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Profiting from social media
When Paula Drakes created a YouTube channel three years ago and started posting videos about how to crochet baby hats and socks, she never imagined that this would one day evolve into a viable business.
Drakes had inherited her love of crocheting from her grandmother who was renowned for the quality of her handmade products and unique designs. She started posting videos on YouTube as a way to share this dying craft with a wider audience in the hopes that others might be attracted to a hobby that she was passionate about.
The fact that she was now getting paid to post videos about something she loved doing was just icing on the cake as far as she was concerned. Achieving a personal milestone of attracting 1,000,000 viewers to her videos had planted the idea that she could turn her hobby into a career.
An article she had read about other entrepreneurs who earned millions of dollars annually from their YouTube channels inspired her to seriously consider quitting her job and focusing on making home videos.
The main question in her mind, however, was: did she have what it takes to become a YouTube star?
Entrepreneur profile and background
Drakes grew up never knowing her father since her parents divorced when she was two years old and he migrated to Canada. Most of her childhood was spent living at her grandmother’s house while her mother worked to support her and her three siblings. This is where she had developed her lifelong interest in crochet.
After graduating with an undergraduate degree in management, she got a job as a sales agent at a large furniture retailer and also started a small business selling scented candles. She had started this business as a way to supplement her income and enjoyed modest sales over the first year of operations. She recently decided, however, to close this business after she realised that the income she was earning did not compensate her adequately for the effort she was putting into getting the business off the ground.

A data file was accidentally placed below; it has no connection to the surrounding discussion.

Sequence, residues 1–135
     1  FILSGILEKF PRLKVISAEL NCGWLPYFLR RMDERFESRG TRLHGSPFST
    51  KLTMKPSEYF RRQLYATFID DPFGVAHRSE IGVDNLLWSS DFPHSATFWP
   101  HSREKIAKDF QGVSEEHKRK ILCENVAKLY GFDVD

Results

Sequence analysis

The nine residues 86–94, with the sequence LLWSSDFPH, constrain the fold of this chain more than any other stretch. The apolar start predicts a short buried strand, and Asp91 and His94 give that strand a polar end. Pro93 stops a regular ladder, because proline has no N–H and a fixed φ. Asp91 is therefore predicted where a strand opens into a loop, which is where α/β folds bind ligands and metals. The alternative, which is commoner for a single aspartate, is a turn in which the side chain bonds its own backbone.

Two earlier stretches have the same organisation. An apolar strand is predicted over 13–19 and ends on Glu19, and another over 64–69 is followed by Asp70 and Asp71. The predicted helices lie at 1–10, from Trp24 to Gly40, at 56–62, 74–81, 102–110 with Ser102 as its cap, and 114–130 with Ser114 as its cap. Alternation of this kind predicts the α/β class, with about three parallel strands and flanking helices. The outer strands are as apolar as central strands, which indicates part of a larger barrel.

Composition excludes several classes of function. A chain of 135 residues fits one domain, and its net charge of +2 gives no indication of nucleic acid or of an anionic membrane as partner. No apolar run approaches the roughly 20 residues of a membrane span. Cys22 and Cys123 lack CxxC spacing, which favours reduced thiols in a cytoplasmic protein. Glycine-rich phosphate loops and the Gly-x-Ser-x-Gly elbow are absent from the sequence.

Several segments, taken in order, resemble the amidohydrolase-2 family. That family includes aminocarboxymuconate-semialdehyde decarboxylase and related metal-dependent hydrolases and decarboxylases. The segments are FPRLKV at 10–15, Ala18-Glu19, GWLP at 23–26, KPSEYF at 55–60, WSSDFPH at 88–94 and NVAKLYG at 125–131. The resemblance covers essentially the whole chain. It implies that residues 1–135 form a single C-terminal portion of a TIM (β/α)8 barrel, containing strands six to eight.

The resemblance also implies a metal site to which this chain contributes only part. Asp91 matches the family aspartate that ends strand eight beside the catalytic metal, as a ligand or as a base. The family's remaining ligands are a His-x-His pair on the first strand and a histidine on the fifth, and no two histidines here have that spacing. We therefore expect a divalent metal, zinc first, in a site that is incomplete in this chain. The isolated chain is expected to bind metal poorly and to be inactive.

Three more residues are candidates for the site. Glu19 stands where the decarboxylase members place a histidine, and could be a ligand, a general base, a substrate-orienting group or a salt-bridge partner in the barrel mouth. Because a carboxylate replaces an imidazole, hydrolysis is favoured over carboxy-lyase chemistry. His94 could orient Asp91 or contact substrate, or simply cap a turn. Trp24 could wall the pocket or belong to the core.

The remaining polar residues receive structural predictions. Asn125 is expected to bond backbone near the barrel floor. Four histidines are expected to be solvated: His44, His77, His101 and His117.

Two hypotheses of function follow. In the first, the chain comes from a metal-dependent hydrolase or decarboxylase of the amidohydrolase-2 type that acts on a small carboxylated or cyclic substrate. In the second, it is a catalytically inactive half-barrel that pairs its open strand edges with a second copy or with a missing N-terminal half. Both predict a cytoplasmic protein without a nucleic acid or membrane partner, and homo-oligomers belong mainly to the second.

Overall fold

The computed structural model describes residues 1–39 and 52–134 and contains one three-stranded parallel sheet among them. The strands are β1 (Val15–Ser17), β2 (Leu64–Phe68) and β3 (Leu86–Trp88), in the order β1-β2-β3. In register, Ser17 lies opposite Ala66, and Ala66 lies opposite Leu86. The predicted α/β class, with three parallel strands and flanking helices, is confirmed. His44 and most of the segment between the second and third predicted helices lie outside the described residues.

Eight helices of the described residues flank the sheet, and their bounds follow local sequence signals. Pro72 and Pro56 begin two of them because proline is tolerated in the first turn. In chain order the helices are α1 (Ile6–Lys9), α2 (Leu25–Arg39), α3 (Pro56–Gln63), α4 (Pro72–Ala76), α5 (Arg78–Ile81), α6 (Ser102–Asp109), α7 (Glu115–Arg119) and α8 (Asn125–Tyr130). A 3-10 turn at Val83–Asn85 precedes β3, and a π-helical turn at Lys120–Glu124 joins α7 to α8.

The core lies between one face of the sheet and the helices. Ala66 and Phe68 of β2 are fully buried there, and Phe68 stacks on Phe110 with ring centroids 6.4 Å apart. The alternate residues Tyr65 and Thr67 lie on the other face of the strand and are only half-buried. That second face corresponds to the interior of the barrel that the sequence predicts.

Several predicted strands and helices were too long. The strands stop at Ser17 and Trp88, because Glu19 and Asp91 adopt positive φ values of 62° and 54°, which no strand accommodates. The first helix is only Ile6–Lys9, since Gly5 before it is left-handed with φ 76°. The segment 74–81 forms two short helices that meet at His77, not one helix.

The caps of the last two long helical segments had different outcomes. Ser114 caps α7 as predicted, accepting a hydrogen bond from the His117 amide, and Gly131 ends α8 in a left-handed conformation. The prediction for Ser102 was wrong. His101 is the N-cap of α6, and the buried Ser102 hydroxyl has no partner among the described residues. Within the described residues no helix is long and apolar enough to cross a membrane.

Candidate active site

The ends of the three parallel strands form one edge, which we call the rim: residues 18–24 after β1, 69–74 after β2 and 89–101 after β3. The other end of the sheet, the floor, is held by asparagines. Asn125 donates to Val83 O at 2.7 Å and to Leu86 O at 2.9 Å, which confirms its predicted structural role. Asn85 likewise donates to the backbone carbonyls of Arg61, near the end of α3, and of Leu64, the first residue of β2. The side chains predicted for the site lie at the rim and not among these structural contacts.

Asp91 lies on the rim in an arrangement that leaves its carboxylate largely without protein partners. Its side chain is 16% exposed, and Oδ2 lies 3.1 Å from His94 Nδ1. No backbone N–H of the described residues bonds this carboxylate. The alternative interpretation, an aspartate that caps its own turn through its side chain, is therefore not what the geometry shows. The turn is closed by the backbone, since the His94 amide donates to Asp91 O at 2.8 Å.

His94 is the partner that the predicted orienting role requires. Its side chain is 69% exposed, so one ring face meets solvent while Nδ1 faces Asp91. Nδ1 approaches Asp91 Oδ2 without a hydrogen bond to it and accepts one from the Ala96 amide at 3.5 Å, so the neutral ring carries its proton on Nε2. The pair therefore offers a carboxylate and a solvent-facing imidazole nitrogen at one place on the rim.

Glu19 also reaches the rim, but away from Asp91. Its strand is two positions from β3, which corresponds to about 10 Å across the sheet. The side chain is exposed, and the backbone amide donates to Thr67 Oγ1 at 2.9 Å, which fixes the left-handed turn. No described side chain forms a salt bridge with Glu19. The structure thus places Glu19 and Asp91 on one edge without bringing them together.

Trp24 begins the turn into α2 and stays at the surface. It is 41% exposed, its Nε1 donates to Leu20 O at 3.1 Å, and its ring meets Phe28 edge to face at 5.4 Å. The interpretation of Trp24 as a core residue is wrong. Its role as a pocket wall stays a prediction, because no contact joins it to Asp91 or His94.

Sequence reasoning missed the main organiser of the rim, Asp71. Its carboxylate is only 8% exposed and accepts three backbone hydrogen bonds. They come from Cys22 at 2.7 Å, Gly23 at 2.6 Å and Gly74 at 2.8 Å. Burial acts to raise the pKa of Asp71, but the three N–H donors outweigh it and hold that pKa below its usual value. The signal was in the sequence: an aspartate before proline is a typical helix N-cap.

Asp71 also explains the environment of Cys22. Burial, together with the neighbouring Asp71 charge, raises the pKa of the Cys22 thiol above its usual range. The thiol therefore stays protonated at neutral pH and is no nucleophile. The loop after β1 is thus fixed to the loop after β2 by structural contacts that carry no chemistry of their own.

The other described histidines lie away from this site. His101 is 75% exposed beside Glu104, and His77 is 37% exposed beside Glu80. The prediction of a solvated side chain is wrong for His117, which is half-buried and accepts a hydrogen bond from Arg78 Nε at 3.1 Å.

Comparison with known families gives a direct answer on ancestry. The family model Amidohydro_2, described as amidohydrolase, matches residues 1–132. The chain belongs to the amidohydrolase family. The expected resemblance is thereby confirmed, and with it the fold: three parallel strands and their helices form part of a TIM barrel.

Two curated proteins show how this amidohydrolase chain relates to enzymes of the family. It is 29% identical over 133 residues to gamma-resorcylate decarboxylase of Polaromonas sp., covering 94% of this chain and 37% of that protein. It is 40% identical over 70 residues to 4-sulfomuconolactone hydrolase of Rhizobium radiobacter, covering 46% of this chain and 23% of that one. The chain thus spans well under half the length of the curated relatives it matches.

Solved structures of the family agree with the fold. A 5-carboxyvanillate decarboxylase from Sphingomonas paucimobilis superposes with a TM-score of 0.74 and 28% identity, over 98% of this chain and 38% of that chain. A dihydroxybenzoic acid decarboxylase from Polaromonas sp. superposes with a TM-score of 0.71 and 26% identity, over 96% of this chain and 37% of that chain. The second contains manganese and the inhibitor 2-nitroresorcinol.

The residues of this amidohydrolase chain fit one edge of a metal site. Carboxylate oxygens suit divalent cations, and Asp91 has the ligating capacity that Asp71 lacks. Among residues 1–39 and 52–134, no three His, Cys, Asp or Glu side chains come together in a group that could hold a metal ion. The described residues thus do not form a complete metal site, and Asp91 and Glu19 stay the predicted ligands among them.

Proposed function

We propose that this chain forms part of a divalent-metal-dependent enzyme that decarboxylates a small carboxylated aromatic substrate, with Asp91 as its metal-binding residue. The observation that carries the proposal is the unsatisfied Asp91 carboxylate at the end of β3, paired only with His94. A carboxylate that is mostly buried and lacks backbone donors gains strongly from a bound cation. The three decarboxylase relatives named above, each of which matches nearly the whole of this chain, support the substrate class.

She had never abandoned her love of crocheting and, while browsing through YouTube videos for ideas on some new techniques she wanted to try for a baby hat she was working on, she realised that the videos currently available were relatively poor in quality and provided limited information. This inspired her to produce her own instructional videos.
What made Drakes’ videos stand out was the high quality of the camera work and the detailed instructions that she provided for every step of the process. She also starred in each video and tried to portray a fun enjoyable experience while working on each project.
She posted her first video to YouTube in May 2012 and initially uploaded at least three videos a month lasting between three to four minutes each.
As she became more skilled at videography she started posting a new video every week. She promoted the video by providing a link on blog sites where she contributed comments and sharing it on craft Web sites that she visited. She also asked her friends and relatives to watch her video and share it with their friends on other social media sites such as Facebook.
The videos also featured prominently on Drakes’ personal Facebook page.
The response to the videos was very enthusiastic and she quickly began attracting a loyal following with many visitors commenting on the video quality.